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HIBERNET

 
Greenhorn
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Its posible the use of hibernet in batch procesing in a aplication(not web)?,in such case which is the specification that i had to look for?
 
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Can you provide additional info about your problem? Thanks
 
ranger
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Hibernate and JPA can do mass updates/inserts/deletes, but you need to be careful that you either use the underlying JDBC Connection directly, or the new ways to do them, you will need to look at the APIs to get that.

Also, in terms of JDBC Batch processing, all Hibernate flushes occur using JDBC Batch processing.

Mark
 
MARIO DAVILA
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Originally posted by Mark Spritzler:
Hibernate and JPA can do mass updates/inserts/deletes, but you need to be careful that you either use the underlying JDBC Connection directly, or the new ways to do them, you will need to look at the APIs to get that.

Also, in terms of JDBC Batch processing, all Hibernate flushes occur using JDBC Batch processing.

Mark



thanks Mark .Im using unix whit db2 Do you think that a java aplication whit hibernet would have a good performanse against cobol?
 
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Originally posted by MARIO DAVILA:
Do you think that a java application whit hibernate would have a good performance against Cobol?



That is a difficult question to answer. However it is likely that the Cobol implementation could out-perform the Java/Hibernate combination. But even if that us is true - it still would be difficult to predict how much slower the Java/Hibernate combo actually would be. This is also heavily influenced by how good the designs of the both the Cobol and Java/Hibernate implementations are.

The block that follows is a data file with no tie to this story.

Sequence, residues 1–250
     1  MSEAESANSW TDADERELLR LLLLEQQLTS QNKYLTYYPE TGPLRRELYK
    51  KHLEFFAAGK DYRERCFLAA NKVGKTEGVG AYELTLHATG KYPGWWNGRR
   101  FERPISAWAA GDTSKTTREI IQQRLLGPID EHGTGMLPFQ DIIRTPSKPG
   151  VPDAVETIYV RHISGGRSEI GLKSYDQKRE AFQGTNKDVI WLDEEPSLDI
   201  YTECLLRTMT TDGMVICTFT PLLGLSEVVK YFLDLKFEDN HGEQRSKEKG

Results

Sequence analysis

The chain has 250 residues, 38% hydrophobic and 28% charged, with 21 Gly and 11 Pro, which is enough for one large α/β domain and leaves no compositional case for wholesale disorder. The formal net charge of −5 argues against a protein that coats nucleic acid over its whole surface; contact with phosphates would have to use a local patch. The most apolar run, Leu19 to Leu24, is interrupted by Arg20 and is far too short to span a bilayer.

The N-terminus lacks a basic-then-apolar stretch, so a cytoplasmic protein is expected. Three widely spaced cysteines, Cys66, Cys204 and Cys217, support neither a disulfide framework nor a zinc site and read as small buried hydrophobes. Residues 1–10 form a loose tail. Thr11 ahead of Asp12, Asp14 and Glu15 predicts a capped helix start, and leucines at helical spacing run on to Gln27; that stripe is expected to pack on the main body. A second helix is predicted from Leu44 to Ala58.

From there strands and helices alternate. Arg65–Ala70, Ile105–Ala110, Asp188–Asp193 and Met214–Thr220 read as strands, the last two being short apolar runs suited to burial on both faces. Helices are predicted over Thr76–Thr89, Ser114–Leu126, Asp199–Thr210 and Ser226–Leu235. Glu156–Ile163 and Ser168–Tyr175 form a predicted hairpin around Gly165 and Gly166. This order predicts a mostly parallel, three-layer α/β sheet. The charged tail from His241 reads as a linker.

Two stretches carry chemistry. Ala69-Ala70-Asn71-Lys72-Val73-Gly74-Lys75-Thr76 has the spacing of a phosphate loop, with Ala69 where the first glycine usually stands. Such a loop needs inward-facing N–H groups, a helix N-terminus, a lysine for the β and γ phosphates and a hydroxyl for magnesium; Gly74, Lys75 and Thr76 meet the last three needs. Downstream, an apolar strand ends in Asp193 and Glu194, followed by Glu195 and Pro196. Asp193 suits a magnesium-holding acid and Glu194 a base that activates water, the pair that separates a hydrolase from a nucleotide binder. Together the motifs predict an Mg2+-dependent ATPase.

The only way to find out is to select a processing and I/O intensive sub-function of the existing implementation and to implement it in Java/Hibernate and compare the respective performances.

However performance is only one dimension of any solution. Java/Hibernate has the added advantage that it is much easier to move to TDD - eventually all your code will be under automated unit test, so that any future changes are easier and can be made with more confidence.

Java also creates the opportunity to create a Domain Model, if the business domain that the batch is working on is particularly complex.

Code written against domain model objects tends to express the business process and rules directly rather than burying them deep inside of low level code. A Domain Model that is well matched with the business domain also tends to easier to adapt to changing business needs.

So even if Cobol performs (slightly) better there are still plenty of good reasons to go the Java/Hibernate route (provided the potential is exploited appropriately).
 
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